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The Economy and The Worker Value-added Fallacy

Economics / Corporate Earnings Oct 29, 2007 - 02:49 PM GMT

By: Gerard_Jackson

Economics Now that the Labor Party has the sniff of victory in its lungs, some of its most ‘brilliant economic thinkers' are already dreaming up schemes that will impose heavy costs on the Australian economy. One of these dirigiste schemes is based on the value-added fallacy. There are two assumptions behind their thinking: One is the belief that the state (politicians and union hacks) can impose high-value-added structures on the economy that will provide a buffer against commodity-driven booms. This policy will lead — so they think — to more value-added export-orientated production. The second assumption is the unfounded belief that value added always equals high-tech.

The problem here should be self-evident to anyone with a sound grasp of basic economics: it is the old one of confusing value added with profitability and hi-tech investment. This approach raises an important point: if value-added is a genuine measure of profitability then firms would move capital and labour into those lines of production and compete away the profits. Of course, this question is never asked.

Regardless of what leftwing fanatics assert, the economic way of thinking is vital to our understanding of these matters. By this means we know that as a rule the greater the ratio of capital to labour in any line of production the greater will be the value-added. This is because as firms become more capital intensive labour costs as proportion of total costs fall. But this does not mean that these industries should be fed subsidies and all manner of tax breaks offered up to them: to do so might very well have the perverse effect of lowering per capita income.

The reason is that the market allocates factors to their most valued uses. If politicians interfere with this process they will be responsible for the formation of less efficient factor combinations. Unfortunately our would-be planners simply do not understand the nature of scarcity, particularly when it comes to capital. In any case, high value-added does not always mean high-tech. When Paul Krugman was still comparatively sane he pointed out that in 1988 value added per worker in thousands of dollars was:

Cigarettes  488.3
Oil refineries  283.4
Cars    98.5
Iron and steel    96.7
Aircraft    97.8
Electronics    63.9
All manufacturing    65.9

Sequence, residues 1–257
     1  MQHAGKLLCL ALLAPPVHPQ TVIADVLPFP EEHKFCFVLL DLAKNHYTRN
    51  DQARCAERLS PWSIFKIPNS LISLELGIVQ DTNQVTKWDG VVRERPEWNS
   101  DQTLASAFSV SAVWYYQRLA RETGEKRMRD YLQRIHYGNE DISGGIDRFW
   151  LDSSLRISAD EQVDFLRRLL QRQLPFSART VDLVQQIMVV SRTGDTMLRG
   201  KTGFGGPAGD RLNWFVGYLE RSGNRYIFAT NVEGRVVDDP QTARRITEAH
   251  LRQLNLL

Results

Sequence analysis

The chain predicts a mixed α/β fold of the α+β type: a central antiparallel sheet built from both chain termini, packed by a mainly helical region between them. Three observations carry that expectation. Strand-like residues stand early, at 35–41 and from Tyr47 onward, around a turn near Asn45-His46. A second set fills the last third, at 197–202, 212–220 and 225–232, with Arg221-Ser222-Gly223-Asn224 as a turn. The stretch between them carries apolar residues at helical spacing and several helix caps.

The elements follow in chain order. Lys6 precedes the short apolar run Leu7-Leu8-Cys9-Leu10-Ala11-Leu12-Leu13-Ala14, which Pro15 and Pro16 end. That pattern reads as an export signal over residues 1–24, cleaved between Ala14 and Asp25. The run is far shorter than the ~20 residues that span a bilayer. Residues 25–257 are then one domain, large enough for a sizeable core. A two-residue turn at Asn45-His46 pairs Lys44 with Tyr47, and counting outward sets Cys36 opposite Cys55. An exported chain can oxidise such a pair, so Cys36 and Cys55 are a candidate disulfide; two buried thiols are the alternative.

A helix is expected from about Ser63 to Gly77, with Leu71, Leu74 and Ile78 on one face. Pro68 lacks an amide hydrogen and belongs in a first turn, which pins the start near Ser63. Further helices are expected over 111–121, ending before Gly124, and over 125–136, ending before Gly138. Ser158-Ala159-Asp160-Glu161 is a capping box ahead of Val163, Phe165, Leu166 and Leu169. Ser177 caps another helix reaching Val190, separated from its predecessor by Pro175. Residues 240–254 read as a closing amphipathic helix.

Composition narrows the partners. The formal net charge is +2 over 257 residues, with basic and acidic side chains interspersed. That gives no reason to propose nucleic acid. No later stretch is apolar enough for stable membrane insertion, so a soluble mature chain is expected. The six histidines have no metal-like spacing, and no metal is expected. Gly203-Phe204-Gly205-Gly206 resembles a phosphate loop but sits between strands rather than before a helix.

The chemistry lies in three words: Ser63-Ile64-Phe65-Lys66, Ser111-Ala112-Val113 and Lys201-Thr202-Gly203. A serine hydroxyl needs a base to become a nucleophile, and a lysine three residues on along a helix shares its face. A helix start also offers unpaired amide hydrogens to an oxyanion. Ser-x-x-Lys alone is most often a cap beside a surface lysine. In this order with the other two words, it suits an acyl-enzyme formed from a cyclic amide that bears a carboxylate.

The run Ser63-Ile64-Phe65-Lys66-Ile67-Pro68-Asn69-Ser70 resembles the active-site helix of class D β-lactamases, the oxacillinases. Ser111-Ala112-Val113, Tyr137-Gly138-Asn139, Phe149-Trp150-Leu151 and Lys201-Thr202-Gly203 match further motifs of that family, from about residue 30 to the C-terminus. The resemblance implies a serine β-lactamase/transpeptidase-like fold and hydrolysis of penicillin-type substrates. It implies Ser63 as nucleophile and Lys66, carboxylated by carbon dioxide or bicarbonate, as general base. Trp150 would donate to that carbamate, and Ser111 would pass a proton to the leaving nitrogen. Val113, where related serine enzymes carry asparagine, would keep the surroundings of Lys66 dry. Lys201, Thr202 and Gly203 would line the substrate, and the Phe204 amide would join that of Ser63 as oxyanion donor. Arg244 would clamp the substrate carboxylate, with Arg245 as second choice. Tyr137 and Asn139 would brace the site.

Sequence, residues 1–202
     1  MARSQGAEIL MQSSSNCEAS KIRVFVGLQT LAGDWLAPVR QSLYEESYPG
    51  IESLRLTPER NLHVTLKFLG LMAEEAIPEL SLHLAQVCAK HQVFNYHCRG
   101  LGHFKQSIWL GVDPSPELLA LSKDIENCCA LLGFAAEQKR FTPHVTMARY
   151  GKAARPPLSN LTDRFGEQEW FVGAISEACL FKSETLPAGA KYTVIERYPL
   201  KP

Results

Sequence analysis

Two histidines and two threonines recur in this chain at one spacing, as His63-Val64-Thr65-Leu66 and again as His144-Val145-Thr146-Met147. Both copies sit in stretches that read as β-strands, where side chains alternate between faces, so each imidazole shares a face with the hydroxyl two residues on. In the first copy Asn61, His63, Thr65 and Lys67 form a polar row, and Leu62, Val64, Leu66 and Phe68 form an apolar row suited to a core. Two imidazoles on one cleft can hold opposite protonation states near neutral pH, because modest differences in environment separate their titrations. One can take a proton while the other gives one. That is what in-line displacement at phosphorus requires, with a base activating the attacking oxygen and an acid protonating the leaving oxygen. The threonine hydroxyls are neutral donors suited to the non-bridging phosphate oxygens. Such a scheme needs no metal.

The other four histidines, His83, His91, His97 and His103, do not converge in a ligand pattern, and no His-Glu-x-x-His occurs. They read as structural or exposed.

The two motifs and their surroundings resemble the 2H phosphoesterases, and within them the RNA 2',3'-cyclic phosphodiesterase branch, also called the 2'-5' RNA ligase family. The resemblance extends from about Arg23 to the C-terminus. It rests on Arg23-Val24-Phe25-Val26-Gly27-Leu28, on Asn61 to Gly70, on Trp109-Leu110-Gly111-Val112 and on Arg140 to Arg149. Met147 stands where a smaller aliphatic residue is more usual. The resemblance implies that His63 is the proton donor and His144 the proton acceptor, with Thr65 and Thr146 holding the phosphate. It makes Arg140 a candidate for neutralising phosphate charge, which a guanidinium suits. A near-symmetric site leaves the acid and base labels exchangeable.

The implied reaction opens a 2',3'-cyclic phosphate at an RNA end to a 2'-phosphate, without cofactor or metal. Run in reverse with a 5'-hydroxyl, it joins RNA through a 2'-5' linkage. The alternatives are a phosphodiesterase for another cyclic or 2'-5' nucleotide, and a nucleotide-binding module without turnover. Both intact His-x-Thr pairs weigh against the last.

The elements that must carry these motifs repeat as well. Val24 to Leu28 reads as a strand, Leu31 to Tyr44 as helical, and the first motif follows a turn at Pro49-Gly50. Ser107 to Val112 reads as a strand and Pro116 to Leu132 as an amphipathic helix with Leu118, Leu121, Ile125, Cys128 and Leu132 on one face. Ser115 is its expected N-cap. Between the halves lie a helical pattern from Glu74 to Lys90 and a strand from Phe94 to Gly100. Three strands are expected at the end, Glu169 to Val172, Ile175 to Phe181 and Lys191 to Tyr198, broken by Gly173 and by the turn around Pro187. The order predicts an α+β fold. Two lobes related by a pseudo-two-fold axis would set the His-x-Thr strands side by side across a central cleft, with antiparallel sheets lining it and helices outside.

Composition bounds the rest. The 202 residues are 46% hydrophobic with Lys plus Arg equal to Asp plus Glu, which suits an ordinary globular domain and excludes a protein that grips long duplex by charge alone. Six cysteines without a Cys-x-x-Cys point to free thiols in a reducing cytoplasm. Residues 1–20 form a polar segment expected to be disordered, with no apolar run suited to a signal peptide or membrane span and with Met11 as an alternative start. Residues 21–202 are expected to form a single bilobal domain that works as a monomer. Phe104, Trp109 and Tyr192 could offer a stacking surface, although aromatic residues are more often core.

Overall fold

Paul Krugman, Peddling Prosperity , W. W. Norton & Company, 1994, pp. 261-62

(One should note very carefully that these figures are value added per worker . This does not mean that the value added is a profit. It is simply the quotient from dividing sales revenue by the number of workers. Hence a firm employing 500 people with $100,000,000 in annual sales revenue would have $200,000 valued added per worker. Now, if the costs of bought-in raw materials, services and components amount to $95,000,000 then value added — not valued added per worker — would be $5,000,000: the price of the firm's inputs deducted from its sales revenue)*.

Being hopelessly out of their depth, these would-be central planners might decide, for example, that the way to make the Australian textile industry competitive would be to raise the value of its output by subsidising investment. Note that such a policy assumes that that the necessary technology exists. This begs the question of why the industry did not adopt it. Nevertheless, let ua assume that the technology does exist and that the government policy of using subsidies to encourage the industry to ‘invest' in it has been successful. The result of this misdirected investment would be a considerable shedding of labour unless the increased productivity sufficiently lowered prices as to increase demand to the degree that the same amount of labour would still be required. A highly unlikely event.

To deduce from the above that technology causes unemployment would be to fall into the trap of the fallacy of composition. The overall effect of technology is to increase the aggregate real demand for labour, even if the demand for labour might fall in certain industries. (George Terborgh The Automation Hysteria , W. W. Norton & Company Inc. 1966).

But the value-added argument is based on the desirability of maintaining employment in the chosen industries. It never occurs to these people that firms exist to meet the demand for goods and services, not to create jobs. Moreover, capital is always scarce, regardless of what monetary cranks claim. Therefore, if a Labor government were to direct resources into the textile industry it has to deny those resources to other industries where they are more highly valued.

The likes of Kim Carr assume that if labour intensive industries develop a high value-added structure they must automatically become more profitable. There are absolutely no grounds whatsoever to support this assumption. Unfortunately, when it comes to this kind of argument the Liberal government is as clueless as the Labor Party.

*The value added concept can mislead people into thinking that it is costs that determine value while in fact it is utility that is the ultimate source of value. It is utility — in the form of a scale of consumer preferences — that determines the value of factors and their allocation.


By Gerard Jackson

Gerard Jackson is Brookes' economics editor.

Gerard Jackson Archive

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